People get so mad when God doesn’t give them what they want! After all, doesn’t the Bible say that all we have to do is ask and God will grant our wishes?
Take delight in the Lord, and he will give you the desires of your heart. (Psalm 37:4.)
You may ask me for anything in my name, and I will do it. (John 14:14.)
You did not choose me, but I chose you and appointed you … so that whatever you ask in my name the Father will give you. (John 15:16.)
Very truly I tell you, my Father will give you whatever you ask in my name. … Ask and you will receive, and your joy will be complete. (John 16:23-24.)
What common theme do you see in those passage excerpts? No, it’s not that they all promise that God will make us deliriously happy by giving us whatever we want. Look carefully. You might even want to look them up in a Bible for yourself.
The common theme?
I ripped each of those passages completely out of context.
Prayer Is Not About You
Prayer is not about you and it’s not about your needs. Prayer is about God. Gloria Furman brought this home clearly in her chapter on prayer in Glimpses of Grace.
As Gloria explains, life can get very hard and it is in those hard times that we can succumb to a superficial understanding of prayer and fall into despair:
When I believed that my circumstances were a result of the measure of my faith, I doubted the sincerity of my faith and the veracity of my prayers. (Glimpses of Grace, p. 152.)
She also says that in those times we can instead utter some of the gutsiest prayers of our lives, and quotes Martin Luther as an example of that gutsiness when he wrote about how to face deep personal loss:
“Although it hurts us when he takes his own from us, his good will should be greater comfort to us than all his gifts, for God is immeasurably better than all his gifts.” (Quoted in Glimpses, p. 131.)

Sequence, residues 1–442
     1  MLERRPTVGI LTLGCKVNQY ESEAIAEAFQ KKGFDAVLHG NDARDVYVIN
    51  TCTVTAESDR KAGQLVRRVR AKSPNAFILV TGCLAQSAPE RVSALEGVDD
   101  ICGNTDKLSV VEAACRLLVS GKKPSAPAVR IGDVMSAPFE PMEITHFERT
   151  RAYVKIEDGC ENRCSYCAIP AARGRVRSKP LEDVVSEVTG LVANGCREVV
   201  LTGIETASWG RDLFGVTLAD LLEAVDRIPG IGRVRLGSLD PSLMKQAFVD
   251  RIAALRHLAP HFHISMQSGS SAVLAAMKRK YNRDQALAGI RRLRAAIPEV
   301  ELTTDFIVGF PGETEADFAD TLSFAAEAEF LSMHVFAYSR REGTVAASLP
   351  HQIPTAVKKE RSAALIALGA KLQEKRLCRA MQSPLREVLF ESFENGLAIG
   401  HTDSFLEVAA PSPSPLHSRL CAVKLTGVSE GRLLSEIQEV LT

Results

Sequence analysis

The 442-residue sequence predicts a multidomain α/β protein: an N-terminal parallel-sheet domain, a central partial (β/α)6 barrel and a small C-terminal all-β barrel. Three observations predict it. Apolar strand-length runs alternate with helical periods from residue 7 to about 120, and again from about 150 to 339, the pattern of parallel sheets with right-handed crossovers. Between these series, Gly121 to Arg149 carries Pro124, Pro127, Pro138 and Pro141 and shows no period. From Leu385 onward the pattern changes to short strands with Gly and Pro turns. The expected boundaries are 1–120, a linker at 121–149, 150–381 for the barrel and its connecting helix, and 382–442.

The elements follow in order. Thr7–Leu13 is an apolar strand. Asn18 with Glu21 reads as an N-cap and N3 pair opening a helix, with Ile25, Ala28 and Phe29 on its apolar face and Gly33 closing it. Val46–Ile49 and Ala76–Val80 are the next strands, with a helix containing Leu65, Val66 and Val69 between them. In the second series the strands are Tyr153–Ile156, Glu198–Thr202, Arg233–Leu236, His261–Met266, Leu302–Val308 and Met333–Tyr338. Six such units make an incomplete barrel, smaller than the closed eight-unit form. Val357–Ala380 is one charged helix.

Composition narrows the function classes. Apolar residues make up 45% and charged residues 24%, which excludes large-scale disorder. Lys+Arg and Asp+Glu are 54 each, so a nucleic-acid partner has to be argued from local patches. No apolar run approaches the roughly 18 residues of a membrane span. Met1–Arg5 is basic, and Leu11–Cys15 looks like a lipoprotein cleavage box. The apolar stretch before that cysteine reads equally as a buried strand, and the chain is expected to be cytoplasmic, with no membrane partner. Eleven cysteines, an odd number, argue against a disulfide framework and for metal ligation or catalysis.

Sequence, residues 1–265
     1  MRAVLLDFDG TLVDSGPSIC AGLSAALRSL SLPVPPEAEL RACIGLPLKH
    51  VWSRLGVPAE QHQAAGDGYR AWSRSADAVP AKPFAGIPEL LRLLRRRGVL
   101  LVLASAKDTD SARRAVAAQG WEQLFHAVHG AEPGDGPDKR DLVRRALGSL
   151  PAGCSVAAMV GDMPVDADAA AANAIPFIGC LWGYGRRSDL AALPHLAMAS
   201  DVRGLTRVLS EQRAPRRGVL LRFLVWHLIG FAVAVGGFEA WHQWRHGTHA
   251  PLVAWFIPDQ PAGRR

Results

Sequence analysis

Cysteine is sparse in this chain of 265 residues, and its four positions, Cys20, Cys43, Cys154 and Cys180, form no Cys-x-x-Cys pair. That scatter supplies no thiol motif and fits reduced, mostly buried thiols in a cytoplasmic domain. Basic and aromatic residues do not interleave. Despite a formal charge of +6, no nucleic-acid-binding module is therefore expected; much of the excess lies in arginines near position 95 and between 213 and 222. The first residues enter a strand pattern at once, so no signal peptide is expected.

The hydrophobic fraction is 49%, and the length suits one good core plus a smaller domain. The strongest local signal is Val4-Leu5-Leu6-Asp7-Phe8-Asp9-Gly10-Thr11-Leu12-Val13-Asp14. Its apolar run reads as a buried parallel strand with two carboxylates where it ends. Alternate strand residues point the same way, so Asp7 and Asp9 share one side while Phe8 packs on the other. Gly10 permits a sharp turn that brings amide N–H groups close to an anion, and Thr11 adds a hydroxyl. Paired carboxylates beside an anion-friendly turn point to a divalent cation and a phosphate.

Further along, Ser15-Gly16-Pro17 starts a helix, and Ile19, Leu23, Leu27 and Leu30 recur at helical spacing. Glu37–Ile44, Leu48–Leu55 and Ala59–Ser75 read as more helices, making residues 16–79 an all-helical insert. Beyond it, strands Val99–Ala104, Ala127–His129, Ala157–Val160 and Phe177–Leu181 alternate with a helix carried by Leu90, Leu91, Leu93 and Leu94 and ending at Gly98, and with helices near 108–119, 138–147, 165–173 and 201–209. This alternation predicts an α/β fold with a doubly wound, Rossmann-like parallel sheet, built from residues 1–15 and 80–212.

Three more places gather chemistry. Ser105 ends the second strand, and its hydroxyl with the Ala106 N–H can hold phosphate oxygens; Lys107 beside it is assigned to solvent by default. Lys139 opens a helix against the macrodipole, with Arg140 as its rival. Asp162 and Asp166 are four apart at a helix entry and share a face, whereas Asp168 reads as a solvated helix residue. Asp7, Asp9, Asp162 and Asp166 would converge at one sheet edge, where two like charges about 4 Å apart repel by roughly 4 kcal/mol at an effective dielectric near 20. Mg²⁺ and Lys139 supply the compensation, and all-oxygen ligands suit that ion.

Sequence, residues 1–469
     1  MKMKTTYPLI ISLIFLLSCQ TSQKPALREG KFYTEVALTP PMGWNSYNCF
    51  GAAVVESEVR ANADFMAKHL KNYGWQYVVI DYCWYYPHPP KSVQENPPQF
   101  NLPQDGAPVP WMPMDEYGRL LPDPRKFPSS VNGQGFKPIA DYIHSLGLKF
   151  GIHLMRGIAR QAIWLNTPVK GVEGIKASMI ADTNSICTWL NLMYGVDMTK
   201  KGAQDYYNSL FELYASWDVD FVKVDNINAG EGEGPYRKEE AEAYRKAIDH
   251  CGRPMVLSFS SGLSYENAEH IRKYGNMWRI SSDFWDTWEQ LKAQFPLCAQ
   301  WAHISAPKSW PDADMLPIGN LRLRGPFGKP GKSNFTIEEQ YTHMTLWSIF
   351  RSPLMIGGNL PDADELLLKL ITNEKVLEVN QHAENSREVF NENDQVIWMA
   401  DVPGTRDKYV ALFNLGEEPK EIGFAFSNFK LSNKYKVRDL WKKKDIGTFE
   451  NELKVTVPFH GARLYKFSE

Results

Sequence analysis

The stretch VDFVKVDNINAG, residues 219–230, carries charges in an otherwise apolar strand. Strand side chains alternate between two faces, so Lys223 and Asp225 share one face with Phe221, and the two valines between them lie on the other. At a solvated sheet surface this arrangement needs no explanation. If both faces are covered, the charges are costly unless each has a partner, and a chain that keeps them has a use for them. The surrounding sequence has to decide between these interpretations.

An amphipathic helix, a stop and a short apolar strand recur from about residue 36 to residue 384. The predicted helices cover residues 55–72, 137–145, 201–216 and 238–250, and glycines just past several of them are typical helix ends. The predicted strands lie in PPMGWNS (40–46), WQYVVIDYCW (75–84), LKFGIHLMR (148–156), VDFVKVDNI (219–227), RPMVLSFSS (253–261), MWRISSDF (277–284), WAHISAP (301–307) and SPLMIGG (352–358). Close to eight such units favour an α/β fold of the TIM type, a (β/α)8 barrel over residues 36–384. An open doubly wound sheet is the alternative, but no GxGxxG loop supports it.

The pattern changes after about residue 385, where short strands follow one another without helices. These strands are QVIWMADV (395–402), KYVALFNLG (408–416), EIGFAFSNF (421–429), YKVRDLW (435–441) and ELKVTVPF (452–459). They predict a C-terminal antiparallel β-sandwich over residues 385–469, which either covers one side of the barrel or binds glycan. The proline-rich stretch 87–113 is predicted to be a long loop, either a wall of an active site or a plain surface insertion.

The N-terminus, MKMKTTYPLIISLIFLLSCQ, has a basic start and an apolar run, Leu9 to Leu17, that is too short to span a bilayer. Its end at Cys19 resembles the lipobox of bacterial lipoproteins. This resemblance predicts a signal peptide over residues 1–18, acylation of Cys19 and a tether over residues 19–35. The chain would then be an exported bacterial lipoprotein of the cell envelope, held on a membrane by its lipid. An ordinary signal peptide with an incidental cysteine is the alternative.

Gloria notes that Luther’s view means two things: there is no hurt too great for God to handle, and there is no gift he can give us that “could ever be greater than the gift of himself.” (Id.) And all of this should remind us that God truly is perfect.
The only way God answers prayer is in accordance with his perfect character. God can’t do anything that is not to the praise of his glory. (Id., emphasis in original.)
She draws an interesting comparison to how parents treat their children and how we sometimes expect God to treat us. While parents hear a child’s incessant whining and sometimes shove a pacifier in the little one’s mouth (literally or figuratively), Gloria assures us that:
God is … not accustomed to giving his children pacifiers to keep them quiet so they’ll forget they need him and then leave him alone.
Oh how many times have I asked for pacifiers! These pacifier prayers usually start with this: “Lord, if you would just ______ for me, then everything would be okay.” … Prayers like this typically involve comfort and never involve requests regarding my sanctification or God’s glory. Bryan Chappell, in his excellent book Praying Backwards …, says that we ought always pray in Jesus’ name, that is, with his intentions to glorify the Father in mind. Oh how my prayer life would change if I began my prayers by asking, “In Jesus’ name, Father, would you ________?” (Glimpses, pp. 132-133.)
Did you catch that bit toward the end? To pray in Jesus’ name means to pray with his intentions to glorify the Father. Our own desires to glorify God don’t stack up to Jesus’ desire for the Father’s glory. But if we submit ourselves to Jesus and pray in his name, we are submitting to his intentions not for our needs to be met but for the Father to be glorified.
And this is where we find joy:
I know it may seem precarious to stake your joy not on your own circumstances or even on the gifts that God has given you, but on the person of God himself. I know that’s difficult. That’s why we need faith to do this. We need faith to trust that God doesn’t merely “know what’s best for us,” but that he is what’s best for us no matter what our circumstances are. (Glimpses, pp. 135-136, emphasis in original.)
Prayer is about what’s best for us after all, because prayer is about God. He himself is not only the one we pray to, but the one who is himself our response to prayer as well.
Ask in Jesus’ name – according to the Son’s eternal intention to honor and glorify our heavenly Father – and you’ll find out for yourself how true that is.